British Prime Minister Boris Johnson

Johnson-Putin Talks Among Efforts to Resolve Russia-Ukraine Crisis

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A day after saying he still believes there is a diplomatic path to resolving the crisis along the Russia-Ukraine border, British Prime Minister Boris Johnson is expected to speak by telephone Wednesday with Russian leader Vladimir Putin.

Johnson said Tuesday during a visit to the Ukrainian capital, Kyiv, that Russia’s massing of more than 100,000 troops near the border is “perhaps the biggest demonstration of hostility towards Ukraine in our lifetimes.”

Johnson expressed support for Ukraine’s right to self-determination and said the preparation of sanctions by Western allies to levy against Russia should it invade Ukraine is not a “show of hostility towards Russia,” but rather a demonstration of support for Ukraine.

“It is vital that Russia steps back and chooses a path of diplomacy, and I believe that is still possible,” Johnson said.

In this photo taken from video released by the Russian Defense Ministry Press Service on Feb. 2, 2022, Russian and Belarusian tanks drive during joint military drills at Brestsky firing range, Belarus.
In this photo taken from video released by the Russian Defense Ministry Press Service on Feb. 2, 2022, Russian and Belarusian tanks drive during joint military drills at Brestsky firing range, Belarus.

The diplomatic push is set to continue Thursday as Turkish President Recep Tayyip Erdogan visits Kyiv to meet with Ukrainian President Volodymyr Zelenskiy.

Erdogan’s chief adviser, Ibrahim Kalin, held talks Tuesday with U.S. National Security Adviser Jake Sullivan, with an NSC statement saying the two “underscored their shared commitment to both ongoing diplomacy and joint efforts to deter further Russian aggression against Ukraine.”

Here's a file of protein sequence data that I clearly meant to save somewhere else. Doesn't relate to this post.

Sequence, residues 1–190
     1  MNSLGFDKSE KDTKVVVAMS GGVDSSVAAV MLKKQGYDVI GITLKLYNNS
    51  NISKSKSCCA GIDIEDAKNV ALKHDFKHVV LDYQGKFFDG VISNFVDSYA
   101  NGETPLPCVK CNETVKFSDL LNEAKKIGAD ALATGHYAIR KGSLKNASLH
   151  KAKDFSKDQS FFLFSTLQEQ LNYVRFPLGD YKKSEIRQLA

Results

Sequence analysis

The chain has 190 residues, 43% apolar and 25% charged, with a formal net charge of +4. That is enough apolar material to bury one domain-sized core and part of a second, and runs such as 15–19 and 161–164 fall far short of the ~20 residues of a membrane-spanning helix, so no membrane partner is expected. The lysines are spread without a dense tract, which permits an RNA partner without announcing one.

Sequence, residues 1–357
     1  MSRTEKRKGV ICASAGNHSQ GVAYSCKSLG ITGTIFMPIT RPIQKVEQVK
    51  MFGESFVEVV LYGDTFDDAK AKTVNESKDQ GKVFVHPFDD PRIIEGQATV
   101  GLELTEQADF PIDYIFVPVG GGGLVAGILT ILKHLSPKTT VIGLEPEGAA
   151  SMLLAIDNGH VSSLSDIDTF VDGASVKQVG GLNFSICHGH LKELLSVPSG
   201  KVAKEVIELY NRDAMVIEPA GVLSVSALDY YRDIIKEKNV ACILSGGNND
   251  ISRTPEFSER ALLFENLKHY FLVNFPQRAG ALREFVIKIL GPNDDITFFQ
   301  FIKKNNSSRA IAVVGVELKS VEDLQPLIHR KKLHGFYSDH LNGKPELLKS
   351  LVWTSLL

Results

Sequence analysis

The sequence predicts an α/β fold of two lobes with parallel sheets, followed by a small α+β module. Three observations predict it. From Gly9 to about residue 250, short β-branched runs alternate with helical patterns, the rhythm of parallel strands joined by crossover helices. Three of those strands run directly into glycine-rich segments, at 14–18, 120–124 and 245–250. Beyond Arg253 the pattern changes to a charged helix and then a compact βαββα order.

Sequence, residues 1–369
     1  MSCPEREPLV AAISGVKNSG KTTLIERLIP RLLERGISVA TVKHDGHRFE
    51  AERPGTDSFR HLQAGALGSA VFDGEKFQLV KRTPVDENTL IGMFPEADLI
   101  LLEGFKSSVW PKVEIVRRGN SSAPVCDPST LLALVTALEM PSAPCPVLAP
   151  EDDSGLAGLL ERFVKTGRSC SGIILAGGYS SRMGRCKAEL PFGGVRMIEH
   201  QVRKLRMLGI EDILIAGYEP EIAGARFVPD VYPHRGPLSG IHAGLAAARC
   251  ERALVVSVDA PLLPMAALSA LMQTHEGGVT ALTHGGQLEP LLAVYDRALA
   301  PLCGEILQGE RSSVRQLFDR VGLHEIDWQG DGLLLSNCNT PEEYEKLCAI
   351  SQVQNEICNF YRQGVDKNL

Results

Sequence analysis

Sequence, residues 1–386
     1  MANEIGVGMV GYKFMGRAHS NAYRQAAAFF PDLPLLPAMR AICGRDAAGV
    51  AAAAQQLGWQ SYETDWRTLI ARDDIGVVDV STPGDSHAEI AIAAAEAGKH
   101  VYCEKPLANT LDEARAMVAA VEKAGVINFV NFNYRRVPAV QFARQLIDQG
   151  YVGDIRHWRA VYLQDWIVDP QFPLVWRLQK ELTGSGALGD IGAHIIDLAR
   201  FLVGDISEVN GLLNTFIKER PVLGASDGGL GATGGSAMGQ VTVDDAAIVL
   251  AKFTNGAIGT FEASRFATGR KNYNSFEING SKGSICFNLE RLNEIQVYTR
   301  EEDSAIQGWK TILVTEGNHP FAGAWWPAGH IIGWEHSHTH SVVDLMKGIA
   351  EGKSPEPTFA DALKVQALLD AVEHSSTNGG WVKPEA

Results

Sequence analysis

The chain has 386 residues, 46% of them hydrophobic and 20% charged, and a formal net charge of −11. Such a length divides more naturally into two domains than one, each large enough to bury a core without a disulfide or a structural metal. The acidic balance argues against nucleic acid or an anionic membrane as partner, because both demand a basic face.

Russian President Vladimir Putin said Tuesday the United States and its allies have ignored Russia’s top security demands that they deny Ukraine membership in the NATO military alliance and pull back their weaponry near Russia, while the U.S. reiterated its “commitment” to Ukraine and its territorial integrity.

Putin, in his first public comments on the standoff with the West over Ukraine in more than a month, said at a news conference that the Kremlin was still studying the U.S. and NATO response to Russian security demands received last week.

This satellite images provided by Maxar Technologies shows troops gathered at a training ground in Pogonovo, Russia, on Jan. 26, 2022.
This satellite images provided by Maxar Technologies shows troops gathered at a training ground in Pogonovo, Russia, on Jan. 26, 2022.

The West has refused to rule out Ukraine membership in NATO, saying no outside country has veto power over who belongs in the U.S.-led military alliance formed after World War II.

“It’s already clear now … that fundamental Russian concerns were ignored,” Putin told reporters.

He also said, however, that it’s possible to negotiate an end to the standoff if the interests of all parties, including Russia’s security concerns, are taken into account, The Associated Press reported.

“I hope that we will eventually find a solution, although we realize that it’s not going to be easy,” Putin said, according to AP.

U.S. Secretary of State Antony Blinken emphasized U.S. “commitment” to Ukraine in a call Tuesday with his Russian counterpart, Foreign Minister Sergey Lavrov, the State Department said.

Blinken urged “immediate Russian de-escalation” of the crisis along Ukraine’s eastern flank by withdrawing its troops.

He also reiterated the U.S. threat to impose “swift and severe” economic sanctions against Moscow if it invades Ukraine.

Later this month, U.S. Secretary of Defense Lloyd Austin is traveling to Europe to meet with NATO allies.

Pentagon press secretary John Kirby, speaking in an interview with VOA on Tuesday, said Austin would attend the in-person NATO defense ministerial hosted by NATO Secretary-General Jens Stoltenberg on February 16-17.

Pentagon correspondent Carla Babb contributed to this report.

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